Hydrologic Analysis of Rain Garden Performance
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Urban flooding became a significant issue for many cities worldwide due to rapid urbanization and increased impervious areas over the past two decades (). Rain gardens are considered to be an economically-friendly solution for addressing this extensive urban storm water problem. The Marlborough neighborhood, in an urban (and older) area of Kansas City, MO (USA) was selected as a large study area with dense rain garden construction opportunities and applicability. The City of Kansas City introduced the rain garden project into this neighborhood to see if the rain gardens could perform well in reducing inflow to the collection system, thus reducing combined sewer system and long-term performance of rain gardens. There are seven rain gardens (part of 135 rain gardens in this six block neighborhood) that were monitored by the UMKC research team. The monitoring data reveals that the seven rain gardens have different performance responses during the same rain event. There are many candidate factors which may affect rain gardens’ hydrological performance, such as watershed area, street slope, watershed slope, impervious area, precipitation depth, precipitation duration peak precipitation intensity, and antecedent dry day. There were a total 57 rain events that were captured capacity issues. Regular and ongoing system monitoring is needed to quantify design parameters between June 2012 and June 2014 for seven monitored locations. This study presents which factors are the most significant to affect the gardens’ hydrological performance for future design. Therefore, a data-driven PCA and MLR model was developed from this study. Internal and external data validation have been processed to assess this model. Future site monitoring and design recommendation have been identified. Rain gardens’ hydrology characteristics research has been done for many years by different research groups nationwide. However, few studies show the detailed rain garden performance characteristics based on actual and varying field data. Most studies are limited to short monitoring periods and/or only one or two rain gardens. This study results can validate rain gardens’ hydrology features. Thus, it can provide valuable support for future engineering site design guidance and new data analysis approach to research work based on more robust and extensive data.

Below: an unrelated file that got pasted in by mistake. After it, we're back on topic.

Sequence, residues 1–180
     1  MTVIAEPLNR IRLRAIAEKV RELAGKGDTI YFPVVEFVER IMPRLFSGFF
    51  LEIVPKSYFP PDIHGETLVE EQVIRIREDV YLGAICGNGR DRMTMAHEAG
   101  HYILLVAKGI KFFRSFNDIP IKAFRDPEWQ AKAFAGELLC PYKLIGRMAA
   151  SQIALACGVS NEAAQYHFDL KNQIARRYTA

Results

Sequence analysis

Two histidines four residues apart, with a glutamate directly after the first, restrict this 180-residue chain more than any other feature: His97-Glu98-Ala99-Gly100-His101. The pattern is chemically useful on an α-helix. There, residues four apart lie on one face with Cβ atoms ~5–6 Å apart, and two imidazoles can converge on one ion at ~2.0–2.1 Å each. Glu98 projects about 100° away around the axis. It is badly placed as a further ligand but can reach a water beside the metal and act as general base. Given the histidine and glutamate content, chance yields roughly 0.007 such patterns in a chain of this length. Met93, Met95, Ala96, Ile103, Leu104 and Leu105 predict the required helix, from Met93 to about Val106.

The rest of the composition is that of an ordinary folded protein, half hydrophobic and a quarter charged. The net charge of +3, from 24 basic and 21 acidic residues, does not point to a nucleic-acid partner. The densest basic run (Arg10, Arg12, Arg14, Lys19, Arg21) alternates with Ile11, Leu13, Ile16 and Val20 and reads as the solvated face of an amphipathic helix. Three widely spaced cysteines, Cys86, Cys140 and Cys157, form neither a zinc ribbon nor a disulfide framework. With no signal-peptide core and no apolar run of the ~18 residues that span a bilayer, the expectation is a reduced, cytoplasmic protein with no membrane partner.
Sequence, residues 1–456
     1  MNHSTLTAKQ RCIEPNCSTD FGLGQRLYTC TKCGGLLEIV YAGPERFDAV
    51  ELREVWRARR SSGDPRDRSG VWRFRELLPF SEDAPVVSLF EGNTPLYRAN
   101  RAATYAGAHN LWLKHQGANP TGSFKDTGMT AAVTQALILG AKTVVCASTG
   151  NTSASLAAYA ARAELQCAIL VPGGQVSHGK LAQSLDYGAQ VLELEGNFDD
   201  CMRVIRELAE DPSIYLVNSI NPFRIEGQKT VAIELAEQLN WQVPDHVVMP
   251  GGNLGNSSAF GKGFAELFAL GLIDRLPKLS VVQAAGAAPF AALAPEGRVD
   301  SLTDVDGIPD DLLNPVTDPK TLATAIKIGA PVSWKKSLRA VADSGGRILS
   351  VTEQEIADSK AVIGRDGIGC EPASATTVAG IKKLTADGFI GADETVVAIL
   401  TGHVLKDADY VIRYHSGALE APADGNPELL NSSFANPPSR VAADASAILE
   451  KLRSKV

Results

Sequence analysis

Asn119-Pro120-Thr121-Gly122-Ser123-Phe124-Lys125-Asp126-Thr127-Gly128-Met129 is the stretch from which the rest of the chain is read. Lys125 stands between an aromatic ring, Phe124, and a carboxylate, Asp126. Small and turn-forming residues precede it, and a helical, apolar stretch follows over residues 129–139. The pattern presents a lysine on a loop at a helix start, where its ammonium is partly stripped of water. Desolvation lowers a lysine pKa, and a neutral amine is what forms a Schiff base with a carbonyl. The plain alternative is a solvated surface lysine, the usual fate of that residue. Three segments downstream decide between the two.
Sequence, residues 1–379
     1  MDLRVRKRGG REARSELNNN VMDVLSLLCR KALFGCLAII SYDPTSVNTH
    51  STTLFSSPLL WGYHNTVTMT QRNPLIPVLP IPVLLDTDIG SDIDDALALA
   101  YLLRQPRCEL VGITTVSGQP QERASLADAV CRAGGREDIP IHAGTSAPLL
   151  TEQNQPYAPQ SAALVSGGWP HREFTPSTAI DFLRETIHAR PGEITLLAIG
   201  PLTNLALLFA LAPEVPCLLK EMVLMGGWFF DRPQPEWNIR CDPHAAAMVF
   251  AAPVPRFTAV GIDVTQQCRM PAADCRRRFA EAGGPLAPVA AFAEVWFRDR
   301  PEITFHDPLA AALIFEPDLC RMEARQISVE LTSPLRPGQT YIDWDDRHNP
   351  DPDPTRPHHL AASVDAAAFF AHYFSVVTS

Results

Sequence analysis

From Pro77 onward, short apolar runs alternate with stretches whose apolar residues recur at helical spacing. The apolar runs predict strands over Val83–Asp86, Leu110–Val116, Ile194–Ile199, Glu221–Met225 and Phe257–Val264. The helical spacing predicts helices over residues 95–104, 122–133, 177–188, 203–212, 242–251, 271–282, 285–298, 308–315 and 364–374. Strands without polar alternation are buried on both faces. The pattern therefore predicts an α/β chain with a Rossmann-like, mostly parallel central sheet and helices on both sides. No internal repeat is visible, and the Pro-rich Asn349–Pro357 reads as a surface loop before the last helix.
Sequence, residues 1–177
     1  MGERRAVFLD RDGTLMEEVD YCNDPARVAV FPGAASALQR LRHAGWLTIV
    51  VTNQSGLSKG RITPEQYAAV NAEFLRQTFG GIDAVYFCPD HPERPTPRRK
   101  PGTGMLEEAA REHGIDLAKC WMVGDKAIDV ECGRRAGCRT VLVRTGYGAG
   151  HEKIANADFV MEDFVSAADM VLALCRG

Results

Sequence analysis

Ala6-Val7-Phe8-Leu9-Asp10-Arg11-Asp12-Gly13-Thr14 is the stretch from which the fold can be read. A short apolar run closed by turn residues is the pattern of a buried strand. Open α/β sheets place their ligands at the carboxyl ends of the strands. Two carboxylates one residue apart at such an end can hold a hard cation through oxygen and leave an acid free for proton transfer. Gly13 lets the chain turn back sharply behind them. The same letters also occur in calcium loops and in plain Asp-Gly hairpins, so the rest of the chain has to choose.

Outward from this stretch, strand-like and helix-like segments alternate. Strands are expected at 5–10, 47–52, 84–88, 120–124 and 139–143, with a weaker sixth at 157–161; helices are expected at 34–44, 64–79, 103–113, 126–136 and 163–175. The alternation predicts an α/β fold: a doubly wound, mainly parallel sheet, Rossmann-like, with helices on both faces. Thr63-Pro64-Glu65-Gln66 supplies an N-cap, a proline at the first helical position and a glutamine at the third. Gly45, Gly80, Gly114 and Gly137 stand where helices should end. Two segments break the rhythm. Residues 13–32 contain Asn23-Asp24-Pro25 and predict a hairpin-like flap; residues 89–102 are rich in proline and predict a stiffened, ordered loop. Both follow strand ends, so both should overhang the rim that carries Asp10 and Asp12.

Table of Contents
Literature review -- Project background -- Data preparation -- Factorial analysis on rain garden performance -- PCA and MLR Model -- Watershed level prediction and model validation -- Conclusion and recommendations -- Appendix A. Monitored Sites Descriptions -- Appendix B. Rain Gage Data -- Appendix C. Garden Performance Hydrographs -- Appendix D. Infiltration Rate Calculation Graphs for Site 1336 and 1112 -- Appendix E. Watershed Level Data